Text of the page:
Nanografted Substrata and Triculture of Human Pericytes, Fibroblasts, and Endothelial Cells for Studying the Effects on Angiogenesis.
For the successful treatment of severe wounds, angiogenesis must be induced to provide a sufficient blood supply to the wound site. There have been many studies on various structural and biochemical factors regulating angiogenesis, such as surface topography, surface modifications, angiogenic factors, and various cell types. However, there is a paucity of research on the effects of micro- and nanoscale topography and the application of pericytes in angiogenesis. In this study, we utilized nanoscale topography combined with a triculture system consisting of human pericytes, fibroblasts, and endothelial cells. We investigated the effects of the nanografted substrata and a triculture system on proangiogenic therapies in vitro. Human dermal fibroblasts and human umbilical vein endothelial cells were seeded with human pericytes from the placenta directly onto nanografted substrata composed of polydimethylsiloxane. We demonstrated that key elements of angiogenesis, including segment and capillary-like tubular structure formation, as well as the secretion of extracellular matrix, were increased by interaction between the nanografted substrata and the coculture containing pericytes. Thus, nanografted surfaces and triculture systems containing human pericytes, fibroblasts, and endothelial cells promote angiogenesis.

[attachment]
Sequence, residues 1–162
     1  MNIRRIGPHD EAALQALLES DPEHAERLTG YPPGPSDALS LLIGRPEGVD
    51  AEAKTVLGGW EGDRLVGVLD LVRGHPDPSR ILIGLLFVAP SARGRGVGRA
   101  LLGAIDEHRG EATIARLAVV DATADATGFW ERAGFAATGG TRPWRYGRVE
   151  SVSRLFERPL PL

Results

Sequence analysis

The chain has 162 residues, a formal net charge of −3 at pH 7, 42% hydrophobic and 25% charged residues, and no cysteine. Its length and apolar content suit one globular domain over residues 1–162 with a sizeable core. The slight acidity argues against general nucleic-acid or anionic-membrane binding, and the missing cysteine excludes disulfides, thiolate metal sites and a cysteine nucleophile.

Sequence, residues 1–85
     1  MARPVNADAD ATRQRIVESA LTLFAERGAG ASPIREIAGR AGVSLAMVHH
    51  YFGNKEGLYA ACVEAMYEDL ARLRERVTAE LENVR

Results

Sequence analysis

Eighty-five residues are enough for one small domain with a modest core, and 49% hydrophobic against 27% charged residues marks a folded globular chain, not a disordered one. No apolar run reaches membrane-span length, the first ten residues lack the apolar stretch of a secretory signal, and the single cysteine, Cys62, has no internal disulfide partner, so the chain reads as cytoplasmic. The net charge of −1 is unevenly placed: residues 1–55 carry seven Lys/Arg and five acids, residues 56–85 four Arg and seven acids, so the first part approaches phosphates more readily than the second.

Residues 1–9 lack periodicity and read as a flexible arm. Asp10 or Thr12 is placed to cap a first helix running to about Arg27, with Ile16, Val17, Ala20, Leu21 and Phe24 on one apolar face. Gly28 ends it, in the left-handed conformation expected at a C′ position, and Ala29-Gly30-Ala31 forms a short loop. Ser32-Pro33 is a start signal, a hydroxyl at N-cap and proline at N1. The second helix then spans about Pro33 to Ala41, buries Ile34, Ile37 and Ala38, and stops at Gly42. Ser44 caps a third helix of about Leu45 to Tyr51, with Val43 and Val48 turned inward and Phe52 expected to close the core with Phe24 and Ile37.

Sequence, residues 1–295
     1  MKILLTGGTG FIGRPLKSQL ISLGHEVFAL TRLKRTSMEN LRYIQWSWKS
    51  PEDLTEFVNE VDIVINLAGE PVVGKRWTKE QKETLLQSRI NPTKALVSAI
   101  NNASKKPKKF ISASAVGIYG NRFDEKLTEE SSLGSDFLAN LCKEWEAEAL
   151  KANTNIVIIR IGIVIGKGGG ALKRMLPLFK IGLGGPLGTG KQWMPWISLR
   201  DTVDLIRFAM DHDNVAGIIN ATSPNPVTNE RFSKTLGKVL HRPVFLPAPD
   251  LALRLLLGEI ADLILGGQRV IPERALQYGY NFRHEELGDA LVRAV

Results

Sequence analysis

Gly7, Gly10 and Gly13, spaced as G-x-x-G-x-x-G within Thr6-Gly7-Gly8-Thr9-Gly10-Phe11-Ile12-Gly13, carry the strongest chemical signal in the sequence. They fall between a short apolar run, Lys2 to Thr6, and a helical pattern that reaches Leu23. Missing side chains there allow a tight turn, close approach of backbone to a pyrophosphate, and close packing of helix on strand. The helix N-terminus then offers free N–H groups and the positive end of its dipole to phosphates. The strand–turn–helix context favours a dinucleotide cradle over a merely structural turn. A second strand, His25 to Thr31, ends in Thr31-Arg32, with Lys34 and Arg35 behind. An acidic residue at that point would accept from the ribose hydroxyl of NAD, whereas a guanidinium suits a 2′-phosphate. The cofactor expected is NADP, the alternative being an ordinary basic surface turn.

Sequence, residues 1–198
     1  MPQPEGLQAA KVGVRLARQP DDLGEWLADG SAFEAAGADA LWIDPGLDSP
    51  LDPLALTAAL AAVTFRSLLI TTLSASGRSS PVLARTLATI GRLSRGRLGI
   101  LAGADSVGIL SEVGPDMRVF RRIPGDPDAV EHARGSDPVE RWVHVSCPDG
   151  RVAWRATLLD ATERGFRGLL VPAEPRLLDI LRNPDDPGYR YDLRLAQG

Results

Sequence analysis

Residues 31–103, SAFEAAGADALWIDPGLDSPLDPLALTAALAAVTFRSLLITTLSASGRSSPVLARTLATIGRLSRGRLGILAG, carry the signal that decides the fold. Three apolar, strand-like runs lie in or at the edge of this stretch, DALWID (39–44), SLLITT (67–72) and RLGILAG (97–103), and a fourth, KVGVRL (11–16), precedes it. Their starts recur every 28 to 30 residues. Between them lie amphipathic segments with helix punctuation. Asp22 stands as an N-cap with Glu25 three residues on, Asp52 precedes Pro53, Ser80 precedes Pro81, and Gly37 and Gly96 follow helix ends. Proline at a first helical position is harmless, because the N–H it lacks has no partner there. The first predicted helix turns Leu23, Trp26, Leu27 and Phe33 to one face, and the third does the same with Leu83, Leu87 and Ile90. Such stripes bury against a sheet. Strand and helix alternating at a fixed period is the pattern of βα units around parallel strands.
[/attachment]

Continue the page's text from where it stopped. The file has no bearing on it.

Kim, TH; Kim, SH; Leong, KW; Jung, Y
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